Let's take a moment to discuss what this code is doing. The variable declarations are easy to understand; the test harness creates a variable for each parameter and the return value from the method. The variable target will be an instance of the class you'll test. The variable actual is the return value from the method. Once you setup the variables correctly and the method is called, you use the Assert.AreEqual method to compare the variable expected to the value returned (actual). The Assert class communicates the success or failure of the test to the testing framework by using various methods in the Assert class. Check the online VS.NET documentation for a list of the many Assert class methods you can take advantage of.

Prior to running the test, you need to configure the various variables in the test to values that will allow the test to succeed. First, change the FileName variable to a file name instead of just an empty string. You should also change the expected variable to what you expect to be returned from this method. Modify the variable declarations in this unit test to look like this:

// C#
string FileName = @"D:\Test.txt";
bool expected = true;

' VB.NET
Dim FileName As String = "D:\Test.txt"
Dim expected As Boolean = True

You're now ready to run this test and verify the results. From the VS.NET menu, choose Test > Run > Tests in Current Context. This causes all the tests in this class to be executed. The results of the test are displayed in the Test Results window (see Figure 1). The test fails because presumably the file name you're checking for doesn't exist yet. If you go create that file and then run the test again, it will succeed.

Initialize and Clean up Tests
If you want to initialize some data prior to running your tests, you can use a specific method that has been decorated with the ClassInitialize attribute. You can find this method in the "Additional test attributes" #region in the FileProcessTest class. Uncomment and modify the MyClassInitialize method as shown below. You can also tear down your tests by using the MyClassCleanup method that is decorated with the ClassCleanup attribute. For purposes of this class, that means creating the file to test its existence, and then deleting it when the test is complete. Go ahead and uncomment the two methods and add the code shown in bold:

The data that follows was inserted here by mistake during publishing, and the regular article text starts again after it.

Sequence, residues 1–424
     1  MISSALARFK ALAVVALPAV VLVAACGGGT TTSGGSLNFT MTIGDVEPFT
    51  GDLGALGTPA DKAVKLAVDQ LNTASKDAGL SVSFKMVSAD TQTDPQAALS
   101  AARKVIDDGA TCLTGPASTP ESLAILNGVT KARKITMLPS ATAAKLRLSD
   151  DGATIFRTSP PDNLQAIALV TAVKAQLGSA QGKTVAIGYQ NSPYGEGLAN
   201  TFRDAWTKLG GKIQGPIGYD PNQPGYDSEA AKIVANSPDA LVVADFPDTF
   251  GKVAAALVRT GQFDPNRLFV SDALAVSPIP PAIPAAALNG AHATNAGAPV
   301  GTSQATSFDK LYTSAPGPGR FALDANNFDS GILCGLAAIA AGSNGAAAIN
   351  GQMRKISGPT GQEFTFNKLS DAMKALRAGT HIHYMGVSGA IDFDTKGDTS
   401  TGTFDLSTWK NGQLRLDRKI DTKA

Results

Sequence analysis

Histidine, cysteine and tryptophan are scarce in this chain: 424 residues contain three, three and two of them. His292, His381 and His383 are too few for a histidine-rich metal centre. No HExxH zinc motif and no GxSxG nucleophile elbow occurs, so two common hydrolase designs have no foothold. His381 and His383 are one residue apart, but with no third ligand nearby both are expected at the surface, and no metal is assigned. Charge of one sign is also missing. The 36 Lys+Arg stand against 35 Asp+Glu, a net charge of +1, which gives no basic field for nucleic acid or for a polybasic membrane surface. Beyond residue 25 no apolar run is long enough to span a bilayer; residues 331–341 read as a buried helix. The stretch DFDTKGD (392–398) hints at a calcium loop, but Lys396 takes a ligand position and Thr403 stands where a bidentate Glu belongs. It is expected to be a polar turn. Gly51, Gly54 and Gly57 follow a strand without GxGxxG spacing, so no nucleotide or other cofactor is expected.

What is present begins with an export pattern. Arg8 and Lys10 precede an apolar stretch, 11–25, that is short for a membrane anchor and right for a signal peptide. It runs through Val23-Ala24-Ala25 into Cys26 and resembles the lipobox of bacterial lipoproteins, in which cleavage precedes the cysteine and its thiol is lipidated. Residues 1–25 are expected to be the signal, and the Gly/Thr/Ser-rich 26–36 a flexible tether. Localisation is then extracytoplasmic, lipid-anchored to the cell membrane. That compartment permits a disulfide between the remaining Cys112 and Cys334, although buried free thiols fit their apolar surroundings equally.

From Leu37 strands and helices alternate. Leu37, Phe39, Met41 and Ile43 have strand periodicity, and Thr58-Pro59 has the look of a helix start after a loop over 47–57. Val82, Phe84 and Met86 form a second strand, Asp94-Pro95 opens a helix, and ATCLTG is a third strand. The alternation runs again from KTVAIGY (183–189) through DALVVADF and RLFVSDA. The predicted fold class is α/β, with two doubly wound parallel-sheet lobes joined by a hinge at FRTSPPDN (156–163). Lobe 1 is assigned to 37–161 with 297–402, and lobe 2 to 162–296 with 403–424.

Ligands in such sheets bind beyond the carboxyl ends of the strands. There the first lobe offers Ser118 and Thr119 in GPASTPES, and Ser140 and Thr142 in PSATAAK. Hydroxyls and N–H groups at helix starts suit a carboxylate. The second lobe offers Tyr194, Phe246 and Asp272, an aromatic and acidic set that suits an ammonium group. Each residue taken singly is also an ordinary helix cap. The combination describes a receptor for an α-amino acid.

C#
[ClassInitialize()]
public static void MyClassInitialize(
  TestContext testContext)
{
  System.IO.File.AppendAllText(@"D:\Test.txt",
    "Some Content");
}
    
[ClassCleanup()]
public static void MyClassCleanup()
{
  System.IO.File.Delete(@"D:\Test.txt");
}

' VB.NET
<ClassInitialize()> _
Public Shared Sub MyClassInitialize( _
  ByVal testContext As TestContext)
  System.IO.File.AppendAllText( _
    "D:\Test.txt", "Some Content")
End Sub

<ClassCleanup()> _
Public Shared Sub MyClassCleanup()
  System.IO.File.Delete("D:\Test.txt")
End Sub

You often need to create methods that throw an exception if something in that method doesn't happen as expected. For example, create a method in the FileProcess class called FileExistsWithException. In this method, check to see whether the FileName parameter is passed in as a null or empty string. If it is, then throw an ArgumentNullException:

// C#
public bool 
  FileExistsWithException(
  string FileName)
{
  if (string.IsNullOrEmpty(
    FileName)) {
    throw new ArgumentNullException(
      "FileName");
  }
  else {
    return File.Exists(FileName);
  }
}

' VB.NET
Public Function _
  FileExistsWithException( _
  ByVal FileName As String) _
    As Boolean
  If String.IsNullOrEmpty( _
    FileName) Then
    Throw New _
      ArgumentNullException(_
      "FileName")
  Else
    Return File.Exists(FileName)
  End If
End Function

Use the same Unit Test Wizard described previously to generate a test for this new method. When the wizard asks where to place this new test, it should default to the FileProcessTest project. Make sure you choose that option, so the test is added to the same class as the other test. The code that's generated will not handle the exception automatically, so you must fix up this generated test code. Add the ExpectedException attribute to the test declaration as shown in bold:

// C#
[TestMethod(), ExpectedException(typeof(
  System.ArgumentNullException))]
public void FileExistsWithExceptionTest()
{
  …
}

' VB.NET
<TestMethod()> _
<ExpectedException(GetType( _
  System.ArgumentNullException))> _
Public Sub FileExistsWithExceptionTest()
  …
End Sub

You can run this test now, passing in a blank file name, and the test will still succeed because it expects this exception to be thrown. At this point, you have the basics of unit testing down. The next step is to turn our attention to testing .NET applications.

Create a Sample App
Let's take a fairly typical input form such as a TimeSheet Entry page (see Figure 2). The requirements for this entry form aren't as simple as they might initially appear. In fact, the total number of business rules on this simple little form might surprise you.

A simple form like this, with only five entry fields could include considerably more rules than fields. For example, a typical set of business rules might include these nine requirements: